We wish we could find someone with legs that look just like a dinosaur’s, but until we do, the operator’s legs will be visible. We’ve also discovered that some kids who are frightful become less so when they “see” Duncan’s and Lily’s human legs.

The operators inside Duncan & Lily have voice synthesizers allowing them to make a variety of sounds. Notice the different the sounds made by Duncan (his are deeper and more growly, more like a predator) and by Lily (more high pitched, almost bird-like).

Duncan is an only child. The Zoo doesn’t have plans for any other dinosaurs at this time.

He was named by some very generous Zoo donors, a.k.a. the Duncan Family. They also named Lily in honor of Lillian Child, the woman who donated her estate – where the Zoo now stands — to benefit the Santa Barbara community. Many Zoo animals can be named or sponsored.

A backpack holds the lightweight aluminum frame that forms their skeletons. Foam was used to construct muscles and tendons. Everything was covered by a “skin” of custom manufactured fabric that is dyed, then hand-sewed on and custom painted. The operator wears the backpack and is able to control their heads and jaws; eye blinks are run by a computer program. A video monitor allows the operator inside to see ahead via images from a pinhole video camera. The operator also wears a headset that allows them to make sounds through a voice synthesizer.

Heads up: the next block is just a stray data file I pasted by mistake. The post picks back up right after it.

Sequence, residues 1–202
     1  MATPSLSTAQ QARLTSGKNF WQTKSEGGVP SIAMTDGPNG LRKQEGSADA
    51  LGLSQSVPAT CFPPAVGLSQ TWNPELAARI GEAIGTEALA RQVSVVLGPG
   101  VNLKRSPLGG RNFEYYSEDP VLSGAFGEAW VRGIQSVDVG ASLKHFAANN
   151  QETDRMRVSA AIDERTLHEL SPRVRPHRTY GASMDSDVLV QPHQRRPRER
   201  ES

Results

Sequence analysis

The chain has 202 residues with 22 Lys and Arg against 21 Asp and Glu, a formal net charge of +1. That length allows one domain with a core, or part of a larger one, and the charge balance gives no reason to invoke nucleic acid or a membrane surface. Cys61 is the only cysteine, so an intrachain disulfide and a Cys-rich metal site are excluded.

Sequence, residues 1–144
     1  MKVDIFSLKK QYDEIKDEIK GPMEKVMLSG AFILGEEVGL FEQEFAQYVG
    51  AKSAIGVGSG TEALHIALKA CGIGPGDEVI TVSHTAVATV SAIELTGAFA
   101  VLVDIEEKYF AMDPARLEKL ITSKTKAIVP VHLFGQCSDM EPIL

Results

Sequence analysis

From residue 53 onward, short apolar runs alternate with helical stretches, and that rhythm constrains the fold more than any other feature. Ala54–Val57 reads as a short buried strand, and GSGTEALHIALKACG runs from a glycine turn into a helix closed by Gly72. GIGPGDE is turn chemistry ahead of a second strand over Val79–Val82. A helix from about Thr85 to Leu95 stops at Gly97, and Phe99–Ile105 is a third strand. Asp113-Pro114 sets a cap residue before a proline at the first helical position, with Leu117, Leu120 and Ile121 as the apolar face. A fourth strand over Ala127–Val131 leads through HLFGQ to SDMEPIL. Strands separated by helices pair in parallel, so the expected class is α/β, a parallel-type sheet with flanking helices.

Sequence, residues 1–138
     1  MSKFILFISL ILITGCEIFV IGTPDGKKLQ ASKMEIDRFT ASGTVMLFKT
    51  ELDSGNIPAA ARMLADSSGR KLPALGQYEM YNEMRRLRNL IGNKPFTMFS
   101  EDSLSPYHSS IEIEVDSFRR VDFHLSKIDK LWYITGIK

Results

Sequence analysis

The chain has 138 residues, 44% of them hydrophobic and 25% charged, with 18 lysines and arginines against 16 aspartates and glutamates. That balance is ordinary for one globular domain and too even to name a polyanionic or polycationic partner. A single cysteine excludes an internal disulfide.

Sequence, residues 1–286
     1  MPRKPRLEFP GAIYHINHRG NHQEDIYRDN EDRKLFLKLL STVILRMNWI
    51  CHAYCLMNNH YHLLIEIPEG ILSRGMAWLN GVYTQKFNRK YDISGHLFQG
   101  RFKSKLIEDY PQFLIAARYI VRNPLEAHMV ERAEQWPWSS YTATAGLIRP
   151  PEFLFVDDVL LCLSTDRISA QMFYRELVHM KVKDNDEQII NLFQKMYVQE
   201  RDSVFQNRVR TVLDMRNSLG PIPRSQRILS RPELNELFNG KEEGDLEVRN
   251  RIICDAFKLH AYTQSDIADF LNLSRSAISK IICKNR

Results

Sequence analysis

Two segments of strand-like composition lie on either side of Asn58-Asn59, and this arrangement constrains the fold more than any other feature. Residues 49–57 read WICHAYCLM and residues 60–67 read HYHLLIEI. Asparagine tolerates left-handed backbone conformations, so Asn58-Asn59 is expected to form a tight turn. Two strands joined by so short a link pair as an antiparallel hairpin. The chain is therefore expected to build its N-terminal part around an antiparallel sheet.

The Hollywood “creature shop” Choido (KEY-oh-do) Brothers designed and built Duncan. They’ve done animatronics, live-action puppetry, stop-motion animation, and other special effects for movies like “Elf,” “Dinner for Schmucks,” “Screamers,” “Gremlins” and others. The actual designer was once the supervisor of the Jim Henson Creature Shop.

He cost less than a brontosaurus and more than a pterodactyl. Seriously, much of the cost for all three dinosaurs was underwritten by several generous sponsors, including the Duncan Family, who are the naming sponsors.

It is a nontoxic recipe that includes water, cooking oil, peat moss, methyl cellulose (thickener used in toothpaste – and in the Ghostbusters’ gooey “slime”), vermiculite (natural mineral used as a soil conditioner), and a preservative called Glydant Anti-Microbial.

It’s water!

None of the animals at the Zoo sing or talk! We wanted to show how keepers work with our animals – and how they learn to communicate to each other.

Sorry! They are off exhibit except during the shows.

In addition to the show, the dinosaurs make limited appearances at the Zoo for parties and events. Contact Guest Services for availability.

Sorry! Duncan and friends have to stay at the Zoo and can’t be rented by outside groups or individuals.